The increase of vulnerability programs is encouraging greater participation from the hacker community. Much of the participation spike is related to programs kicking off, especially within industries where security researchers are already active or interested.

"The biggest source of driving new hackers into these programs is brands that those hackers love sanctioning this activity," Rice says.

Remote Businesses Rethink VDP Strategy
Businesses supporting a greater number of remote employees have begun to rethink their VDPs and make wider swaths of their corporate infrastructure available to test, Rice says. And more hackers are interested: HackerOne saw new hacker signups increase 59%, and submitted bug reports grow by 28%, in the months immediately following the start of the coronavirus pandemic.

"The most interesting thing that happened over the last few months was programs have been very deliberate about what's in scope," he explains. Many have begun to expand and include attack surface that wouldn't have been included in the past. Those who opened up work-from-home or remote attack scenarios have learned the mistakes they made in transitioning quickly.

Historically, most VDPs have focused incentives on customer-facing assets and attack surface. Early efforts wanted to protect customers and users; that's where their efforts were focused. Now, they're curious about holes in third-party systems or applications meant for employees. Many programs have expanded to include back-end business support systems.

While this is a "natural evolution" of VDPs, it usually takes a long time for companies to arrive at this stage, Rice says. Before COVID-19, only a handful of HackerOne's customers, such as Facebook and Twitter, included VPN infrastructure in the scope of their VDP policies.

"It was nowhere near the norm, and that's quickly become the norm over the past few months," he continues. "Organizations recognize that their attack surface is evolving. … What they thought was their perimeter before isn't quite the perimeter."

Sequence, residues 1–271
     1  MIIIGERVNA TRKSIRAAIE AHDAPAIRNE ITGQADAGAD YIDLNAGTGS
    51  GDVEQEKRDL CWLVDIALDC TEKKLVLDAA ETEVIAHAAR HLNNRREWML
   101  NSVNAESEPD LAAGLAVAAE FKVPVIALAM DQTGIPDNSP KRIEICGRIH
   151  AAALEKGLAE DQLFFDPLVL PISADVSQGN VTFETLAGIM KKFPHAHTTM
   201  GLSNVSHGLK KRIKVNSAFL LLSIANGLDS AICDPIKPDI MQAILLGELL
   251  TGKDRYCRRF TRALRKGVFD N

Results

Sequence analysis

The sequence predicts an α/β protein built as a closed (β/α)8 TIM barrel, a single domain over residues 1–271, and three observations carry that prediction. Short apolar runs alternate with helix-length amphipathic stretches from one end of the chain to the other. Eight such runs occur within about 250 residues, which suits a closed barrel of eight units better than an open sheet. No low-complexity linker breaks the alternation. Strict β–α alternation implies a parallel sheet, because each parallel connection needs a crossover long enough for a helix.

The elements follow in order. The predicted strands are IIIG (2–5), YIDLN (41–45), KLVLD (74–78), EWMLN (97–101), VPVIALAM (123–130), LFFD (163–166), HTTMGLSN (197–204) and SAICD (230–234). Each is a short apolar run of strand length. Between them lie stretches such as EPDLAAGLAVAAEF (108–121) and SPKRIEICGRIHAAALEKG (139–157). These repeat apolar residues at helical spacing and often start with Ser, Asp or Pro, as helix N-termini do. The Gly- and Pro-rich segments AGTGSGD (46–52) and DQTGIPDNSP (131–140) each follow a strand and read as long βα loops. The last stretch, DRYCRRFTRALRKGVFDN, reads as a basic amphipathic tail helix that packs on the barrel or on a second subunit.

This change is reflected in the most common types of vulnerabilities disclosed in the past year, HackerOne reports. Cross-site scripting (24%) was the most common flaw reported, taking the top spot from information disclosure (18%), which fell in second place. Other reported flaws include improper access control (10%), improper authentication (6%), and open redirect (6%).

Improper access control vulnerabilities have increased in volume and criticality, says Rice, and organizations are treating them with greater urgency. In addition, they're updating instructions for hackers in the community to communicate the risks they're currently worried about.


About the Author(s)

Kelly Sheridan

Former Senior Editor, Dark Reading

Kelly Sheridan was formerly a Staff Editor at Dark Reading, where she focused on cybersecurity news and analysis. She is a business technology journalist who previously reported for InformationWeek, where she covered Microsoft, and Insurance & Technology, where she covered financial services. Sheridan earned her BA in English at Villanova University. You can follow her on Twitter @kellymsheridan.